Southeastern Section - 68th Annual Meeting - 2019

Paper No. 1-2
Presentation Time: 8:20 AM


NEELY, Samuel, Department of Geology and Geophysics, Texas A&M University, College Station, TX 77843 and RAYMOND, Anne, Department of Geology & Geophysics, Texas A&M University, College Station, TX 77843

In Florida mangrove swamps, the crab Aratus pisonii consumes ~6-12% of canopy leaves, preferring red mangrove (Rhizophora mangle) leaves to other species (Erickson et al. 2003). When these leaves fall to the peat surface, the snail Melampus coffeus consumes ~40% (Proffitt & Devlin). Both organisms feed by attacking the surface of the leaf. A. pisonii scrapes and consumes the leaf epidermis, but often leaves the opposite surface undamaged. M. coffeus grazes the surface of the leaf, consuming mesophyll and small veins, but seldom larger, lateral veins. Leaves occupied by M. coffeus typically have scalloped edges along the margin of the scraped area.

We studied the ichnological signal of herbivory by A. pisonii and detritivory by M. coffeus in two sites within a mangrove swamp at Barnes Sound, Key Largo, Florida: a basin site, which is generally flooded and has thick leaf mats (19-37 stacked leaves); and a fringe site, where the peat surface is generally exposed and has thin leaf mats (0-4 stacked leaves).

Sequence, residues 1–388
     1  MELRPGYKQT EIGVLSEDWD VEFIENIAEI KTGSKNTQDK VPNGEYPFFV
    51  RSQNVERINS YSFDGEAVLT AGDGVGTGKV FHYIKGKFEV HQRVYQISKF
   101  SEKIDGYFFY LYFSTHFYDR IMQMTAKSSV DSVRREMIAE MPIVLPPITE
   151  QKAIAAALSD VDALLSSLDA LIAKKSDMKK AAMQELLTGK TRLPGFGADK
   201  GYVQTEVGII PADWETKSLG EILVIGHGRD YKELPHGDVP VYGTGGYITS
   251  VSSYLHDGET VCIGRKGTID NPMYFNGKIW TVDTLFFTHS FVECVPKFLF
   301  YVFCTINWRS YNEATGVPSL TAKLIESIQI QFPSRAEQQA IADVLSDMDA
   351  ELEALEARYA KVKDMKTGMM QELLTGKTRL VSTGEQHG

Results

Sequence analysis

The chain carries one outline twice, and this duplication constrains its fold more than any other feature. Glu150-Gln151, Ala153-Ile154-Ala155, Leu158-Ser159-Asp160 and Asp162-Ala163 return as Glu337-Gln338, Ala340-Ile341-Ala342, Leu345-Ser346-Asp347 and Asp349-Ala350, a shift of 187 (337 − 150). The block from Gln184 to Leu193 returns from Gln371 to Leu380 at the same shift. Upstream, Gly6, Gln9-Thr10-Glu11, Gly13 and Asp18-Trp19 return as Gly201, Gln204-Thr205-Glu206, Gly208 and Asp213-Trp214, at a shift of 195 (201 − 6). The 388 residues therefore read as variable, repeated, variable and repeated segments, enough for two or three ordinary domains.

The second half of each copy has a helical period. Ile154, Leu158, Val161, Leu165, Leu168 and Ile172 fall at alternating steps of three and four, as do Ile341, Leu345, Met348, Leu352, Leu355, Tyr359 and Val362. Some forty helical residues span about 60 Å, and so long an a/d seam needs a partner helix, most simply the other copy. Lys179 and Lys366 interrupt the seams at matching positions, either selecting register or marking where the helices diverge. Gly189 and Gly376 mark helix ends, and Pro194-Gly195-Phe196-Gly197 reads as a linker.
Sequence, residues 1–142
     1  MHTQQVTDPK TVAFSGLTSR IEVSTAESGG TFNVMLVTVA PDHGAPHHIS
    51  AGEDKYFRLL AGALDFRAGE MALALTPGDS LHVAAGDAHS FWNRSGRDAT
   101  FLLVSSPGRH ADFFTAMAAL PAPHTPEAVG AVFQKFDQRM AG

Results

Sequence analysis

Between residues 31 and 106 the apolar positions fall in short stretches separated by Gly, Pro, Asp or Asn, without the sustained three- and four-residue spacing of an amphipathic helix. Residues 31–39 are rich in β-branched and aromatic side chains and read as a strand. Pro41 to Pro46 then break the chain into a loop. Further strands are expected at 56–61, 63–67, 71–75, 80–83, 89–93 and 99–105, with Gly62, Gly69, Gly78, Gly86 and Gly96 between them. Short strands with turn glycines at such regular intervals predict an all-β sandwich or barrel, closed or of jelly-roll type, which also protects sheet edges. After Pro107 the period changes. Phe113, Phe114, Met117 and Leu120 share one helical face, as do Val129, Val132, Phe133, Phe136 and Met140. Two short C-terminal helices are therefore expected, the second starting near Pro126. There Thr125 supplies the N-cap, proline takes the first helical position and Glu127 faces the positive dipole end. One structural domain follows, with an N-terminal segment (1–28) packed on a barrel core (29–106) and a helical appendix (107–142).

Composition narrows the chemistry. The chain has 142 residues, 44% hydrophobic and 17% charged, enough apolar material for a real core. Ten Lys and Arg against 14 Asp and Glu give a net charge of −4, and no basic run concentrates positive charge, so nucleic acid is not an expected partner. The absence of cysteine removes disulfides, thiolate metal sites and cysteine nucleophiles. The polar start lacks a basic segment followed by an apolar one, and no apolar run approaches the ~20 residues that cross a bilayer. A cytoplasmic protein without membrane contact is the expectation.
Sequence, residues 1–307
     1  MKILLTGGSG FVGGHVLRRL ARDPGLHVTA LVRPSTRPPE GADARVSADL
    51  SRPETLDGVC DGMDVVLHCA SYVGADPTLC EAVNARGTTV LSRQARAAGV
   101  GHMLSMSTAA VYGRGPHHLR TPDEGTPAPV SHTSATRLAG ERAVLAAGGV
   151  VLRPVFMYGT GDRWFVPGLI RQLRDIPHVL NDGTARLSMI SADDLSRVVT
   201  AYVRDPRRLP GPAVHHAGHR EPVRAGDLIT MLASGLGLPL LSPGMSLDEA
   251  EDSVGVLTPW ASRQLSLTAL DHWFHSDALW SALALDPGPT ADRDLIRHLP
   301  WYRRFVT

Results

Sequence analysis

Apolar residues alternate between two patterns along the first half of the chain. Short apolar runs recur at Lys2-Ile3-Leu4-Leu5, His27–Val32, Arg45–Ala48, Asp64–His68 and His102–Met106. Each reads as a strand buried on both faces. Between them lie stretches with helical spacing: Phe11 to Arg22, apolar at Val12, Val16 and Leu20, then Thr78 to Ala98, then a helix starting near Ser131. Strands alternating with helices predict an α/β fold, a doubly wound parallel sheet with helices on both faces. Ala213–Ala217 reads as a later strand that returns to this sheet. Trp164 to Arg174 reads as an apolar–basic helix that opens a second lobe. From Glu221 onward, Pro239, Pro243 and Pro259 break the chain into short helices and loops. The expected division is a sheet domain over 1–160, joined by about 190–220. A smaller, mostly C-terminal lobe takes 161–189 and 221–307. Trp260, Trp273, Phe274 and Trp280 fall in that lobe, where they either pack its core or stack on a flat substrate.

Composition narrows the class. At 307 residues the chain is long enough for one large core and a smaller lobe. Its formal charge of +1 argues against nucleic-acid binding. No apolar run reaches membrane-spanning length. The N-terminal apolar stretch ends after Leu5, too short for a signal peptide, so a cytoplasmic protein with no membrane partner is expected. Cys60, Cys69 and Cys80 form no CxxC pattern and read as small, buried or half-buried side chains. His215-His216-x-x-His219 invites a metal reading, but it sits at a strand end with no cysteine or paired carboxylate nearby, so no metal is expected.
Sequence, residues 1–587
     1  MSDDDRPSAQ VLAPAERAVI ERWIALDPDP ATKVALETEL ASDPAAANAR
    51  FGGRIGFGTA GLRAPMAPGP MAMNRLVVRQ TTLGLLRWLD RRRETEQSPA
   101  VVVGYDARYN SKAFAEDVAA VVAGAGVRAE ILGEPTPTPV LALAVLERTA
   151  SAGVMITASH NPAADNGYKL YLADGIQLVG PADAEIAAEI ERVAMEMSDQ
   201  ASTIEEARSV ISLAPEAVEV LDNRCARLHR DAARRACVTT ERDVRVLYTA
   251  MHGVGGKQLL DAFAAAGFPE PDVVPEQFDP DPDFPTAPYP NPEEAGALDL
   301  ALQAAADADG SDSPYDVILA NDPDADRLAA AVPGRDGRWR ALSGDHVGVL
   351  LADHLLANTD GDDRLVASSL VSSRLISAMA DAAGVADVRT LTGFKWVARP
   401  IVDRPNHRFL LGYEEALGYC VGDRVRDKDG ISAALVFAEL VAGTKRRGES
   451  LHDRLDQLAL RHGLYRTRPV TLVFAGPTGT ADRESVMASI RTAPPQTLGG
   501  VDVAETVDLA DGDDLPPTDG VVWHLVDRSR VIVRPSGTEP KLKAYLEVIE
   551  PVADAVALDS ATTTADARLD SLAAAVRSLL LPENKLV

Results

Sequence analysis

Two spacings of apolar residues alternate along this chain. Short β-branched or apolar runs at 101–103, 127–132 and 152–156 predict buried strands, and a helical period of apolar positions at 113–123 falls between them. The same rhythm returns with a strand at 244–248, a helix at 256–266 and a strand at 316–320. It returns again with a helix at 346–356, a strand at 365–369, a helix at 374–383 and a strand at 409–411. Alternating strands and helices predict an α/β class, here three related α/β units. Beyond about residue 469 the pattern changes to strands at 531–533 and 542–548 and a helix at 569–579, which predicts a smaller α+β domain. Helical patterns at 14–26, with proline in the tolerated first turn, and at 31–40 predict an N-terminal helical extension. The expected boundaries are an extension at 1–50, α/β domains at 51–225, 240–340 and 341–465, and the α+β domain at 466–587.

We hypothesize that most leaves in the surface litter reflect both herbivory by A. pisonii and detritivory by M. coffeus; however, detritivory by M. coffeus may obscure the ichnological signal of A. pisonii.

From each site, 25 leaves were targeted to analyze leaf selection and feeding behaviors of M. coffeus. The abundance of snails, leaf surface (upper/lower) preference, and percentage of consumed area of each leaf were recorded.

The abundance of snails per leaf surface from each site was non-significant. Snail consumption was higher on fringe leaves than basin leaves (30% to 23%). Snails preferred to feed on lower leaf surfaces in fringe mangroves (p=0.045). Additionally, snails in basin mangroves portray a strong preference to consume lower surface of leaves (p=0.014).

M. coffeus are pulmonates that retreat from the leaf mat when the peat surface is flooded; inundation could shield the leaf mat from detritivory, which could explain thicker leaf mats in basin mangroves than in fringe. A higher frequency of consumption on the lower leaf surface by M. coffeus may indicate that they prefer leaves that have been scraped by crabs; this would obscure the ichnological signal of crab herbivory; thus, it would be underreported. Furthermore, M. coffeus could prefer leaves that have been fungally-attacked or portray microbial decomposition.